WASHINGTON D.C. - Culture is a word that gets thrown around a lot in the world of sports. Yes, it’s meaningful, but oftentimes it’s only seen at the surface. The Boston Celtics proudly rep their culture as a team and as an organization. From the coaches and players vocalizing it in press scrums, to teammates picking one another up on the floor, the 2018-19 Celtics have recently made it a point to play, as they call it, “Celtics basketball.”
The Washington Wizards, on the other hand, are currently struggling in the culture department. Earlier in the season, it was reported that the team went through a turbulent practice involving players voicing their issues, arguing with coaches, and even Bradley Beal yelling at long-time General Manger Ernie Grunfeld. The Wizards were (and still are) in a rough spot, but much of this was pent-up frustration from years and years of settling for mediocrity and refusing to make necessary changes. As Beal put it, “I’ve been dealing with this $@#& for seven years. It starts top-down.” Despite some improved play, the Wizards still remain largely unchanged in terms of internal personnel and operations, and it remains a problem.
Less than a month ago, the Celtics were sitting at 10-10 and going through a bit of an identity crisis. The players were calling themselves out in the media while simultaneously preaching accountability. Al Horford was among the multiple players who said they “weren’t playing Celtics basketball.” Brad Stevens holds himself accountable for that. The players hold themselves accountable for that. Management holds themselves accountable for that. In Boston, it really does start at the top, and the trickle down effect is extremely beneficial for the franchise. In other cities around the league, that effect isn’t so helpful. Boston has won seven in a row, and those issues seem to be a thing of the past.
Being in Washington for the Celtics’ overtime win against the Wizards on Wednesday put both teams up front and center. Sometimes you don’t fully realize something until you see it up close, and last night was a peek into the contrasts between these two franchises.
It was the best of cultures, it was the worst of cultures.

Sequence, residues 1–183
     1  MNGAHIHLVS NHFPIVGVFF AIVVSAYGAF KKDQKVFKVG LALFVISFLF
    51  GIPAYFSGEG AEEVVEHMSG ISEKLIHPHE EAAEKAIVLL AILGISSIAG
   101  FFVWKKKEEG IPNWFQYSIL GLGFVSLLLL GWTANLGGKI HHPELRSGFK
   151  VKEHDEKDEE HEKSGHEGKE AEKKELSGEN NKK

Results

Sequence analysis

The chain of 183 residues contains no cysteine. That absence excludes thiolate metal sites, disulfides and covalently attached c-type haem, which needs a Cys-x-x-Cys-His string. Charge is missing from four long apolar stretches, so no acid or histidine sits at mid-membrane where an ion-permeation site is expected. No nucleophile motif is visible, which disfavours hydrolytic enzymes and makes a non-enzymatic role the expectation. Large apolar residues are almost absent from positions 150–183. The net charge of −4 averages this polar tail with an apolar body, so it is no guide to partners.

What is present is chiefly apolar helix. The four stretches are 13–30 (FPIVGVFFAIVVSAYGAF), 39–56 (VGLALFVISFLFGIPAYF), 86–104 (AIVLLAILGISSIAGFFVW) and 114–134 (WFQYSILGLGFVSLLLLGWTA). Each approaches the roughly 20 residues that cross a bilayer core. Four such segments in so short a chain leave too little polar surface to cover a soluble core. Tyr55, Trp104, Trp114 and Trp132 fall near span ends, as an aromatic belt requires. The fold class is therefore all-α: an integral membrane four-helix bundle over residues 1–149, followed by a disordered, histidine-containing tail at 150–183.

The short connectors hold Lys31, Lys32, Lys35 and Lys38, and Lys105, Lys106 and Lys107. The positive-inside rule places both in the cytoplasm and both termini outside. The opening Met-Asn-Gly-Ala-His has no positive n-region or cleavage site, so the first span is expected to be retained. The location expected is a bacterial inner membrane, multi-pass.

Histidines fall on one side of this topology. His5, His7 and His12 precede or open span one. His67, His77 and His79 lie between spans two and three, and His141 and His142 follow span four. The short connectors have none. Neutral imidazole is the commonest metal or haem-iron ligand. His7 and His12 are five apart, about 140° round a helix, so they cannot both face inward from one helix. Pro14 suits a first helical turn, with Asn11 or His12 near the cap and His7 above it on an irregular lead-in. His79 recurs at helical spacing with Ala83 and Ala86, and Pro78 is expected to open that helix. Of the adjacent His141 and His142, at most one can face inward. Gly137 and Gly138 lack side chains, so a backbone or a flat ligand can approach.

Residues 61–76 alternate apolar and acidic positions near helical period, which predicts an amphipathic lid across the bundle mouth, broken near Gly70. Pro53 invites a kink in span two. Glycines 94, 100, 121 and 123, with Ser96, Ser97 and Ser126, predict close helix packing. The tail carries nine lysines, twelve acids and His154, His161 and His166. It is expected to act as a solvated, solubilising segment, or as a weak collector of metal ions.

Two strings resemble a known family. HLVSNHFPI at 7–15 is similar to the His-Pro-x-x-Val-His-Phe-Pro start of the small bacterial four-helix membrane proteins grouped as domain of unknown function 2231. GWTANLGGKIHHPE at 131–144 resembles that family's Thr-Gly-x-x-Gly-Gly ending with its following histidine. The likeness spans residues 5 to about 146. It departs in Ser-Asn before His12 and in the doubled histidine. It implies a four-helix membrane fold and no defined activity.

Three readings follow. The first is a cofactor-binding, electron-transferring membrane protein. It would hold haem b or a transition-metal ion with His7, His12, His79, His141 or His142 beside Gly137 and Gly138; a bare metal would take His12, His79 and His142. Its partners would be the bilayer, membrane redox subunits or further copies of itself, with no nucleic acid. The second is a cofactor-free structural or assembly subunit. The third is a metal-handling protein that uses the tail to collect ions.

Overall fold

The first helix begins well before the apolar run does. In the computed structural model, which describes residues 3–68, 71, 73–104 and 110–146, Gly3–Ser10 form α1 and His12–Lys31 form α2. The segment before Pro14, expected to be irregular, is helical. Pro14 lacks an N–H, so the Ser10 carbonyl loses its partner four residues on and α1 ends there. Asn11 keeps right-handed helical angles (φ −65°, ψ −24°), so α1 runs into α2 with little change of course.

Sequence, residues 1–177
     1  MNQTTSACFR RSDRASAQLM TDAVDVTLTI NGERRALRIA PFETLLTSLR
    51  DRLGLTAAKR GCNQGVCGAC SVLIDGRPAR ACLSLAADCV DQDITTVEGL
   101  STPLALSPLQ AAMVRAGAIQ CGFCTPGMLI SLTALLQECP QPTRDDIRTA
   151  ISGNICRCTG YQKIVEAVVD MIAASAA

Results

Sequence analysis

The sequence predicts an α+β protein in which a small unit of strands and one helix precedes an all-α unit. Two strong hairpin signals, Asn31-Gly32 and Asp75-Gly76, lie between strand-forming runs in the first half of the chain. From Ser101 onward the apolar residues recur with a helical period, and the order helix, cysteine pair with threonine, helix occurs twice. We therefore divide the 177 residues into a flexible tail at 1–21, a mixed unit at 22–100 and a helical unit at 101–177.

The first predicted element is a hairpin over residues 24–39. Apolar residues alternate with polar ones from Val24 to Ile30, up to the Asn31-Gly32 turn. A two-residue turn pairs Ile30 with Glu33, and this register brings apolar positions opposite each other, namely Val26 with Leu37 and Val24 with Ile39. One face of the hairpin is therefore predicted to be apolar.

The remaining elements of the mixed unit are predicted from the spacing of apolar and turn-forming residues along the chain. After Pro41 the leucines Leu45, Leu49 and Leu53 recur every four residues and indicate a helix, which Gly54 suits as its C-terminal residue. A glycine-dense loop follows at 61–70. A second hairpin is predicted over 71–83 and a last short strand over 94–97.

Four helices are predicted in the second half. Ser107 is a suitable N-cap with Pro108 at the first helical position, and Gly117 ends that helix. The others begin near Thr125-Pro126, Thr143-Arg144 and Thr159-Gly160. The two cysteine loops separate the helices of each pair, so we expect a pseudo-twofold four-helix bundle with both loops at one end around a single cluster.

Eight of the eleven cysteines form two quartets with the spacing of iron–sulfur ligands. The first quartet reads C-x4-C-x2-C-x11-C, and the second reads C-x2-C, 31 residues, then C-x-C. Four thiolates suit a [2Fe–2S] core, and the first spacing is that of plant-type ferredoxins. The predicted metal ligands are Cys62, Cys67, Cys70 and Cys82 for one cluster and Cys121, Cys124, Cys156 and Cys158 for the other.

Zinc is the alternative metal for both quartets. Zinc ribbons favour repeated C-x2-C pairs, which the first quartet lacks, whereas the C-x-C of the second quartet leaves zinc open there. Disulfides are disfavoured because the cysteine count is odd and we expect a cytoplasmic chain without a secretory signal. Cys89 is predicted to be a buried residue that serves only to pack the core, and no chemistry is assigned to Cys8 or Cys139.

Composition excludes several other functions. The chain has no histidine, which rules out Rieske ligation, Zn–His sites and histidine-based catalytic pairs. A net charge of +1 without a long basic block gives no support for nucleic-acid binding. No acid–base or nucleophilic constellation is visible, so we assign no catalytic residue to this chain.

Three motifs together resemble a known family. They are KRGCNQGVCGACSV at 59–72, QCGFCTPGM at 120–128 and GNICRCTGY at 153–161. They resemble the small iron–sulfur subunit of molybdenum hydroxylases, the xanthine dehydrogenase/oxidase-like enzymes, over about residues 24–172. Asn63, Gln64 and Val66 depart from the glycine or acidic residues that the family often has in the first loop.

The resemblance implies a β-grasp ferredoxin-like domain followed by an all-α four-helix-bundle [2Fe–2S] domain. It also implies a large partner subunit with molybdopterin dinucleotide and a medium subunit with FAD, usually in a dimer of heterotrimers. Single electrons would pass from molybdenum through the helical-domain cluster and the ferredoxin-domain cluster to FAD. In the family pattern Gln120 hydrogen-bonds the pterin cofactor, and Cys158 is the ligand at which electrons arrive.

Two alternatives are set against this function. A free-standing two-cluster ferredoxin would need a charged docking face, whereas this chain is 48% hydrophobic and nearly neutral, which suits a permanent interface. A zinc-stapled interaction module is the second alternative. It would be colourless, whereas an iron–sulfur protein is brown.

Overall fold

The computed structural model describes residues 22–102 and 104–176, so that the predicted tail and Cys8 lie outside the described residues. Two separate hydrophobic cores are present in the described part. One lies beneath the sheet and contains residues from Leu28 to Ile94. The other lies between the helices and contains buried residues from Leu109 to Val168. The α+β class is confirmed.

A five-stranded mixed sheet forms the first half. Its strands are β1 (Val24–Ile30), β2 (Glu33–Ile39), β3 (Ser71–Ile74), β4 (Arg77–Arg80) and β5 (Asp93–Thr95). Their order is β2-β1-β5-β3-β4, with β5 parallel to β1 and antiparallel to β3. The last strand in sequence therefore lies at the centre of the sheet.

Capital One Arena was filled with Celtics fans on Wednesday night, which isn’t that out of the ordinary for a Boston road game. In fact, Marcus Morris said it himself, “Celtics fans travel well.” During warm ups, one side of the court saw the Celtics going through their pregame routines in a pretty enthusiastic fashion. Players were interacting with one another, some even playing 1-on-1. The other side of the court was quite the opposite. Wizards’ players weren’t interacting with each other, nor were they as lively as Boston. There certainly didn’t seem to be a common goal, and if there was, it looked quite individualistic. Fast forward to the game. A Celtic drops to the floor and teammates rush over to get help him up. For the Wizards, that’s not the case.
When players and coaches have bought into a team and its culture, it’s visible. Whether it’s Jay Larranaga and Marcus Smart working tirelessly together before each game, or Alex Barlow guiding Robert Williams through his rookie season, the evidence with this Celtics team is there. Last week, Boston had four days in between games, so Brad Stevens scheduled a day off. Every single player came in for individual workouts with the coaching staff, rather than take the off day. If that doesn’t say something about Brad Stevens’ philosophy, I’m not sure what does.
It may seem like an overreaction to look at little things like this, but people who have been watching the Wizards for the last three-plus seasons know that this is a microcosm of a much bigger issue that, once again, starts at the top. The Wizards have a great amount of talent that could be better utilized by new management and new coaches. Washington fans have been calling for this for a long time now, but instead, the team stays stagnant, and ultimately toxic.
At Wednesday morning’s shootaround at Georgetown University, Brad Stevens was asked about Kyrie Irving’s leadership role with his teammates while also being the best player on the floor. The Celtics head coach quickly responded by saying that he has the same expectations for Irving as he does for the rest of the roster.
“We want all fifteen of our guys to take on that role,” said Stevens. “That is an important part of our whole deal. If you're young, if you're old, bring something authentic to the table. You’re expected to lead in your own way. Obviously some voices are going to be stronger than others, because just naturally some guys are louder. And then also, some guys are just more accomplished. But we want everybody to feel like they have ownership and have a sense of say from a leadership standpoint.”
When you hear quotes like this, and then watch Horford, Irving, and their teammates pick one another up, vocally and physically, it shows how effective good culture can be. Placing them next to a team that’s struggling with their philosophy will really put it into perspective. So next time you hear a player discuss the expectation of playing “Celtics basketball,” appreciate it, because it makes all the difference.